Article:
I have been an expat since I can remember, but I'll share more about my journey as an expat from the beginning. When I was only a few months old, my parents decided to change our destiny and move far far away from our home country, China. The destination was on the other side of the world, literally - Buenos Aires, Argentina. In fact, I always tell people I have lived in Argentina since my first birthday, because we actually we arrived one day before my first birthday. All my birthdays from that day on were in Buenos Aires until 3 years ago when I met the love of my life and moved to Europe.
This was the first time I moved from one country/continent to another; and not to sound naive or cheesy, but the reason I moved and left my life, friends, family and everything I knew behind was: Love.
Journey of Life
People say life is a journey - an amazing, surprising and exciting journey as an expat. We all have a starting point, have an idea where we want to go in life and what our final destination is; but in the journey of life, things change. And the different situations and people change our journey in incredible ways - in ways you could never imagine. That’s how my expat and love story was.
I met this German traveller who was exploring the world, running away from ordinary life. We fell in love and knew that some point one of us would have to give up his or her home in order to be together. We decided that Germany, Seeheim-Jugenheim more specifically, would be our home.
After almost two years of being an expat, I’ve learned a few things that I'd like to share with you:
Bureaucracy is a Pain in the A&% but Necessary
Yeah, nobody likes paper work, going to public entities, visas, etc. BUT make sure you have all your papers in order, whether it's for your studies, job or even medical assistance. Having all your legal and transportation papers in order are necessary for you to stay in your new country. And if you have questions or need help, always reach out to the migration office, because they know the rules best.
The First Year is Ambiguous
For many expats, the first year is the most difficult one. Many people don't know what to expect when moving abroad. For others like me, the second year is harder. The first year you are a “newbie.” Everything is new and fresh, you have this "falling in love" feeling while getting to know your new home. I felt personally that I was a tourist all the time during the first months in Germany. Once you have a routine and already know that it's not a vacation but your new home, it can be harsh. That’s when you start to miss your old home.
Technology Helps, A LOT
When I think about my parents moving from China to Argentina in the late 80s, I cannot imagine how hard it was for them. At that time, the only way of communication was by letters (it took 1 month to arrive) or by telephone calls (really really expensive ones). Nowadays, technology makes it a lot easier. I talk to my family on a daily basis and see them by video call. My family and friends can see how my day-to-day life is via social media. During my last trip to Buenos Aires, my friend told me, "its like you were always here!," and that made me feel good! I want to be present and I want to have them present in my life even while faraway.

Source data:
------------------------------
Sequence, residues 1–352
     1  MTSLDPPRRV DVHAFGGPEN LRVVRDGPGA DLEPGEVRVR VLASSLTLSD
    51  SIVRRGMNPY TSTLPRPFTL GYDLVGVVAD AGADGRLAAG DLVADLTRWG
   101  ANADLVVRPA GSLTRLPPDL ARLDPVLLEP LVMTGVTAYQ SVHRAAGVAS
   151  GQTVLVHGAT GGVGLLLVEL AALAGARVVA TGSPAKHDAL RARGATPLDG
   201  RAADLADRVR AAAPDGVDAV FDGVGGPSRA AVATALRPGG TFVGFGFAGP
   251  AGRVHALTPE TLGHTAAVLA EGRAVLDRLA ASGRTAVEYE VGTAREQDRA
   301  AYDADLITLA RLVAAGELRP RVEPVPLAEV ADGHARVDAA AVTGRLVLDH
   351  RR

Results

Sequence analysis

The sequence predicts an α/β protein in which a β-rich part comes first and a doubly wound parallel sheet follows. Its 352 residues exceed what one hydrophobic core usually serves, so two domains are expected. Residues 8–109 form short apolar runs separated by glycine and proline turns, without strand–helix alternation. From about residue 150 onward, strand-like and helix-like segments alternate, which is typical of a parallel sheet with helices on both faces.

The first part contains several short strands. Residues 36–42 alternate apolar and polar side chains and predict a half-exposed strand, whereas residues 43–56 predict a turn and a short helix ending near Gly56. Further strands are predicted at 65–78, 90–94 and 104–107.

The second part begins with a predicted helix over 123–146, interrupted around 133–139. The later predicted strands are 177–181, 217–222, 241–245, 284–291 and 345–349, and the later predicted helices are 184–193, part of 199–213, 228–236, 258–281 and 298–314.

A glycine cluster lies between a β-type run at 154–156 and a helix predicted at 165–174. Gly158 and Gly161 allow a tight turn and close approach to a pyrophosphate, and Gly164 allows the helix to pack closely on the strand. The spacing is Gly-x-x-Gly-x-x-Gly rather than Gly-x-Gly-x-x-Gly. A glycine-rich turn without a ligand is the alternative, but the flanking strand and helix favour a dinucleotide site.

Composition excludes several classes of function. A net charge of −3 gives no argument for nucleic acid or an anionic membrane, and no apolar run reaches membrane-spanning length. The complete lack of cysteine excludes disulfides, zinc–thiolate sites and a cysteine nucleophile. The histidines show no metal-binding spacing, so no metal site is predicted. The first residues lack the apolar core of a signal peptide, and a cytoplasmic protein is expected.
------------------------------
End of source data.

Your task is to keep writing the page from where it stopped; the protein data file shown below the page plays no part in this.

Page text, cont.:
There will be a Few (or a lot) of Throw-in-the-Towel Moments
You'll experience moments that make being an expat even harder: birthdays, mothers day, Christmas, New Year's Eve. When you feel like being with your loved ones but are far away and can only be present via phone, you'll have to remind yourself why you chose to move abroad. Allow the reason behind your decision to strengthen you during those moments.
Get Out and Meet People
Making your own group of friends and having a close circle of people in your new country is essential. Social life is important everywhere and moreso if you are an expat. As an expat, I’ve learned that friends are my family; Christmas, birthdays even moving from one flat to another, they will be the ones next to you helping.
Being an expat is an everyday learning exercise. One day I was learning some vocabulary in German and I told my husband I felt like a child- learning to speak a new language, trying new food, learning new people and culture and it definitely feels like that, like a newborn. I’m learning everyday and I still don’t know how this journey will continue. But if you are at that moment of indecision whether to move or not, I totally recommend you try it.
Enjoy your journey as an expat!